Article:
Doing Life Together

nature-3246122_1280Erin was crying in my office. Her husband didn’t trust her and the problem wasn’t infidelity, well sort of. What she described was another type of relationship breach, financial cheating. While we all could probably agree that sexual cheating on your partner is destructive to a relationship, what about financial cheating? Does that tear at trust as well?

A survey reported by Smart About Money tells us that couples who combine their incomes have about a 42% rate of financial infidelity, meaning they have committed some type of financial deception. They might be hiding a bank account, make a purchase and not tell, have a secret credit card, etc. Sometimes people lie about debt or even their income when they enter a relationship. You can be financially deceptive in many ways.

The problem is the secrecy involved. And secrecy affects trust, a building block of healthy relationships. If you lie about money, the question naturally comes up, what else could you be lying about?

In a marriage with combined finances, your credit depends on the financial behavior of the partner. So not only are you impacted by bad spending, but so is your spouse. This is why it is important to be open and honest about how you are spending money and be accountable to each other.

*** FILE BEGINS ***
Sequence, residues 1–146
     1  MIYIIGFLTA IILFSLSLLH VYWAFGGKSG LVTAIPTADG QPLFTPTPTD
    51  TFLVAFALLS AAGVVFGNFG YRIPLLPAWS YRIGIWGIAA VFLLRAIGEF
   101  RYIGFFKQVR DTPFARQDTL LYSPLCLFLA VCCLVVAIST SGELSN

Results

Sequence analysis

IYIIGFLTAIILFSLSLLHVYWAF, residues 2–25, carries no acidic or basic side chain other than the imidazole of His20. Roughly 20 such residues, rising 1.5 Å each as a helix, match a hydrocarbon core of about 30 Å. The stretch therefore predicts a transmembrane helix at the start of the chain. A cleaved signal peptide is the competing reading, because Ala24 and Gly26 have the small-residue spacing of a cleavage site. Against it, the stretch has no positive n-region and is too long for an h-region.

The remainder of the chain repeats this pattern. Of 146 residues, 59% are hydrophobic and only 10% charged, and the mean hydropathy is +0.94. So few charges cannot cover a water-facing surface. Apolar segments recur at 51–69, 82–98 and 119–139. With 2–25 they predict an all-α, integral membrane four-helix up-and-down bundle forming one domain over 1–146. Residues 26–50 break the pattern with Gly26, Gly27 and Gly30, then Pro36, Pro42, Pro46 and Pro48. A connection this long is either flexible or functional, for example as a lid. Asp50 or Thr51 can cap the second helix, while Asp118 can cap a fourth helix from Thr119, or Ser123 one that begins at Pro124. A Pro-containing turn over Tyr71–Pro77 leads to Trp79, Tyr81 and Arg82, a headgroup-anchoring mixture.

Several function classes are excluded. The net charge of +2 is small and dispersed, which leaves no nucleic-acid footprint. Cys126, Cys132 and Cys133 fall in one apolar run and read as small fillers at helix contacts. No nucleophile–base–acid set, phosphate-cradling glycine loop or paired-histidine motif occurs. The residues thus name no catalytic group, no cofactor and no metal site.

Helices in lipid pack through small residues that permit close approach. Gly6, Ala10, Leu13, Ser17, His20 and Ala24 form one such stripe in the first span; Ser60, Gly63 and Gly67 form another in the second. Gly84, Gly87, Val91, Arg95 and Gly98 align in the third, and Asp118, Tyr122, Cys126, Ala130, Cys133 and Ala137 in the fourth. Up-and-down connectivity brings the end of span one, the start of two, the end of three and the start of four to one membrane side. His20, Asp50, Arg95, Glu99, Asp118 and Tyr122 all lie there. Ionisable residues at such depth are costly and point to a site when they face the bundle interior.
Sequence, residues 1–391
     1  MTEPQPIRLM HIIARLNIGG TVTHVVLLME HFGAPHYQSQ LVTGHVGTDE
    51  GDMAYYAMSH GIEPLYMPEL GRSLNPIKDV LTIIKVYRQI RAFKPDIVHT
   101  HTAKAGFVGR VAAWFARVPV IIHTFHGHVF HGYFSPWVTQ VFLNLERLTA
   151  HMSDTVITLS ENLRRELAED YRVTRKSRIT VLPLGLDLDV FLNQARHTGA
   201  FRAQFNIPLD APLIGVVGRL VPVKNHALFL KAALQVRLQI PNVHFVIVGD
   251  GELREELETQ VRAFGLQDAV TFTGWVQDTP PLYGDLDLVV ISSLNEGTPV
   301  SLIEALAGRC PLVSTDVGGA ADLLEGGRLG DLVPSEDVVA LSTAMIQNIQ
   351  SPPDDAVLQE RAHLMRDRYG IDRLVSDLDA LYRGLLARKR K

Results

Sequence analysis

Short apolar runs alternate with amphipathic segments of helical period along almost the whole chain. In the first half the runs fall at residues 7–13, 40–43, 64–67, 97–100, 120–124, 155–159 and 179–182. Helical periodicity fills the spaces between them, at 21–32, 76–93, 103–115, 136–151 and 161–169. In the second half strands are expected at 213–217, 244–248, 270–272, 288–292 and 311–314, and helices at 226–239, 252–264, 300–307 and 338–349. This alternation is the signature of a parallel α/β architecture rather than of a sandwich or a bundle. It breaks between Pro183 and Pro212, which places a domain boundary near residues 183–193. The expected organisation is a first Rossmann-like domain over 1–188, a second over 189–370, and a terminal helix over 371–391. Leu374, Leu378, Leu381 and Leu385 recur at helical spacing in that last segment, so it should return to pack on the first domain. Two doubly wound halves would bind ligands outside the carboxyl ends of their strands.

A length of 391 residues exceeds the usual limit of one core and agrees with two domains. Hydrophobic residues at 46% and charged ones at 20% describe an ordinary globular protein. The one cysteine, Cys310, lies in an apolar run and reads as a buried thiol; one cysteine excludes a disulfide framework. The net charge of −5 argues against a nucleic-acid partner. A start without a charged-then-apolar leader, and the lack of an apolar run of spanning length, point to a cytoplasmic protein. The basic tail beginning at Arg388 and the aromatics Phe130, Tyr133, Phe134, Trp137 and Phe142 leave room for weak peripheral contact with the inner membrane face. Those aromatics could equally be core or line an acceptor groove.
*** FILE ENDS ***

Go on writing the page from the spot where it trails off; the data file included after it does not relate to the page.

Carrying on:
So if you see warning signs–expenditures on credit cards you can’t account for, receipts that are unknown, your partner is defensive and deflective when you question spending–you need to be concerned and confront the situation. What is the problem? It is purposeful deceit, poor management, lack of communication, fear of spending and reporting, etc. Whatever is the root, it needs to be addressed so trust can be rebuilt. Financial infidelity can signal a bigger relationship problem. Don’t ignore and get professional help if you need. This may mean seeing a financial counselor or a relationship counselor to work on trust.

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